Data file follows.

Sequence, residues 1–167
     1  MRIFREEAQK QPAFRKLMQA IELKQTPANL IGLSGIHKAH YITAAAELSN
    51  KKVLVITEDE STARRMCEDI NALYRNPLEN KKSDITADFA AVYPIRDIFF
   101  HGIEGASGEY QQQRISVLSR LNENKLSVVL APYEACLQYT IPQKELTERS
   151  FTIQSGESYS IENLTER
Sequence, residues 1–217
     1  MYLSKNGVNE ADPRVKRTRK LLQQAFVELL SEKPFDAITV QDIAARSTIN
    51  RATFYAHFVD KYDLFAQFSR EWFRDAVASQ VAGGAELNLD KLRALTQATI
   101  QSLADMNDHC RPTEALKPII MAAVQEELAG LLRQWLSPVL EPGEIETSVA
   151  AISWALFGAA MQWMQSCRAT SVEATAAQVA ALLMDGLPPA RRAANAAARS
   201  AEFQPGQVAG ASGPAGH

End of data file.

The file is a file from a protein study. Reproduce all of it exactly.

Sequence, residues 1–167
     1  MRIFREEAQK QPAFRKLMQA IELKQTPANL IGLSGIHKAH YITAAAELSN
    51  KKVLVITEDE STARRMCEDI NALYRNPLEN KKSDITADFA AVYPIRDIFF
   101  HGIEGASGEY QQQRISVLSR LNENKLSVVL APYEACLQYT IPQKELTERS
   151  FTIQSGESYS IENLTER
Sequence, residues 1–217
     1  MYLSKNGVNE ADPRVKRTRK LLQQAFVELL SEKPFDAITV QDIAARSTIN
    51  RATFYAHFVD KYDLFAQFSR EWFRDAVASQ VAGGAELNLD KLRALTQATI
   101  QSLADMNDHC RPTEALKPII MAAVQEELAG LLRQWLSPVL EPGEIETSVA
   151  AISWALFGAA MQWMQSCRAT SVEATAAQVA ALLMDGLPPA RRAANAAARS
   201  AEFQPGQVAG ASGPAGH